Thursday, December 11, 2014

Rooftop's Cover Story - The Other Washington Monument

This is the monument from which the masthead photo for Rooftop Reviews was taken. If you're reading this I assume that you have noticed that photo before. My only problem with it is the size. It's too big and I have thought of replacing it, but the photo has a special place in my heart. Let me tell you about it...

I was living in Baltimore in 1983 when I met my wife, Sue. I lived 2 blocks from the Washington Monument- no, not the one in Washington, D.C., but the first one, built with public lottery funds. Beginning in 1799, $100,000 was collected, and in 1815 work was begun. In 1829 the 178 foot tall Doric column with Washington standing atop, opened to the public. They thronged to ascend the 228 steps to the top of the city's highest vantage point of the time.

It is still one of the most beautiful of the many monuments in Baltimore. Sue and I used to walk and talk there in the evenings when we were first seeing one another. After a while I tricked her into marrying me and we moved out to the County to raise our family.

Fast forward to about 1994. The Monument had been closed for some years due to interior structural problems. A Citizens Committee had resolved these issues and the Monument (located on Monument and Charles Streets) was now open again. You could, for a $1 contribution, climb to the top. And so, we did. Sue took several photos looking in all directions. My favorite is this one- looking North up Charles St.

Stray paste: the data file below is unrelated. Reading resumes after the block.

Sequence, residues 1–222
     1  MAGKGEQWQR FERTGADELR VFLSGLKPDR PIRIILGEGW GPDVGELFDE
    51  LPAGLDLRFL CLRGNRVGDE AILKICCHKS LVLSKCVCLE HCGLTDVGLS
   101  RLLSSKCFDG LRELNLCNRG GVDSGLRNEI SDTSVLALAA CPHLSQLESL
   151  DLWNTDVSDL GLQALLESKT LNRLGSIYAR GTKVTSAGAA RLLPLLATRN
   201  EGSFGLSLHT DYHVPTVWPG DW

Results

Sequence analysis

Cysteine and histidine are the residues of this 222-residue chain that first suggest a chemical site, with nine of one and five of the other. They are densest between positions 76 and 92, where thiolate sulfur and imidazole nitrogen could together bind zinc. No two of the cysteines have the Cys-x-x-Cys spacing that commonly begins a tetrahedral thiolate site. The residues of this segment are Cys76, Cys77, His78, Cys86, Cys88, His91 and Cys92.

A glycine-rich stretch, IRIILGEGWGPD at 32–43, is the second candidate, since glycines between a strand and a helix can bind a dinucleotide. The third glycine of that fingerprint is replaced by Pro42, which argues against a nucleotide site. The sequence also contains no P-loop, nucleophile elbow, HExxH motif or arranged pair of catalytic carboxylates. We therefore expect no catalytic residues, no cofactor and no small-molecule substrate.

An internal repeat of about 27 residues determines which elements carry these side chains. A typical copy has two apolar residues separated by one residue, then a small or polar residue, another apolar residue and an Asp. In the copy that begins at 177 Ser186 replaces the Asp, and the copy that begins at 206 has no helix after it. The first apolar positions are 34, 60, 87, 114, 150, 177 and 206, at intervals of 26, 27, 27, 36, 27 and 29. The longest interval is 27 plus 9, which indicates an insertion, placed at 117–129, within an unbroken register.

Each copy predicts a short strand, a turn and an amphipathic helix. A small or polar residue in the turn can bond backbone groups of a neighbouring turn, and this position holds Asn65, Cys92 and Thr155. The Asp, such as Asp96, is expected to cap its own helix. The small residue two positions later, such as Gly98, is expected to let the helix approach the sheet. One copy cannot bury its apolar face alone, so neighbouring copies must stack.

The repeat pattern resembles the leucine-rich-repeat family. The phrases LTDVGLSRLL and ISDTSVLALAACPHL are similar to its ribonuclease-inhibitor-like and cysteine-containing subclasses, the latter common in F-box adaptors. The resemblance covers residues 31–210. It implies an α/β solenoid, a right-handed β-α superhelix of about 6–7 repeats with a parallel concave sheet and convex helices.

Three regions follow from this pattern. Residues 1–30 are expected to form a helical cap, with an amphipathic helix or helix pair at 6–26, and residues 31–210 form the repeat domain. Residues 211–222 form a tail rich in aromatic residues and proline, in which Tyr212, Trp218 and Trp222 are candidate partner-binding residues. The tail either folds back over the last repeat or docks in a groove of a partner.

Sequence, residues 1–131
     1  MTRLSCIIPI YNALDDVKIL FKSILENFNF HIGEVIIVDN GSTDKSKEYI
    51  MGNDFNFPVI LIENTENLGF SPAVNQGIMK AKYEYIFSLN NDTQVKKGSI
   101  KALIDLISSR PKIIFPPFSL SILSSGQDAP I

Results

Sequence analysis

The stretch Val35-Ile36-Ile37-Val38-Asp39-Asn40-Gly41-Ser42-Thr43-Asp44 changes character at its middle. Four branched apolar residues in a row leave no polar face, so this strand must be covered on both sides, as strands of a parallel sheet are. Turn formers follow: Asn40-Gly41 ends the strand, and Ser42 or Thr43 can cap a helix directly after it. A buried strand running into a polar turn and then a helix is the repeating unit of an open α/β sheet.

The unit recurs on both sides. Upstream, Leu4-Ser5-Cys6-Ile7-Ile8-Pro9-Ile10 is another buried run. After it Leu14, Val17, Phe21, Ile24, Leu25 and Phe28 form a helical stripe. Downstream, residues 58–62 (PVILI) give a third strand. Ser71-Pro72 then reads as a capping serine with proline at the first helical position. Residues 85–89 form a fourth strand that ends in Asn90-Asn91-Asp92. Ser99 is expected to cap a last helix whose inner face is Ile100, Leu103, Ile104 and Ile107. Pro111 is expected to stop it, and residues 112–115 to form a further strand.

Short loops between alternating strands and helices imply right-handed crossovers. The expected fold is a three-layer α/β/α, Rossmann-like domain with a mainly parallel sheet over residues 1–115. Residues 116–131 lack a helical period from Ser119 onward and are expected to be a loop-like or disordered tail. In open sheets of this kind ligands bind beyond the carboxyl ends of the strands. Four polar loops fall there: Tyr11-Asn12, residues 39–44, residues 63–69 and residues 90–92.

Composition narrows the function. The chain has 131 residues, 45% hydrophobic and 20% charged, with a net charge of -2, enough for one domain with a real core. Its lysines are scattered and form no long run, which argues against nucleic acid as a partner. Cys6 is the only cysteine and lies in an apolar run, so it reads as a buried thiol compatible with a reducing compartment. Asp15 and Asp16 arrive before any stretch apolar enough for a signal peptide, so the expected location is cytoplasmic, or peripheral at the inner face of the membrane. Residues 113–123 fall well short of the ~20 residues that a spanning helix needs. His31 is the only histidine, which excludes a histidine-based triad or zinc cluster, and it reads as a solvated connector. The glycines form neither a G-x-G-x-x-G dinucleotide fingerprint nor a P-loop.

In the foreground and to the right is the Methodist Church made with green stone from local quarries. The Church sits across from the unseen Peabody Institute of Music and the Walthers Art Gallery. Looking further to the rear and in the center is the 13 story Belvedere Hotel which was also home to the Engineers Society of Maryland at the time. The whole monument sits in an oasis of a park that bisects Charles Street.

The best part of the memory associated with this photo is the actual climb up a circular stairway reminiscent of the Statue of Liberty. The brick and mortar interior was eerie and a little damp- ideal in the summertime, cool- like a cave. With several openings at different levels there were some beautiful vistas of the harbor and surrounding areas. But I always liked the view from the top best of all.

I think it's because we made the climb with me carrying our daughter most of the way. And when we were done we were so exhausted, coming out into the heat of a summer’s day. But it's something that we did together and really enjoyed. The original of this photo hangs in our bedroom. It serves as a reminder to us of all the climbs we have made together through the years.

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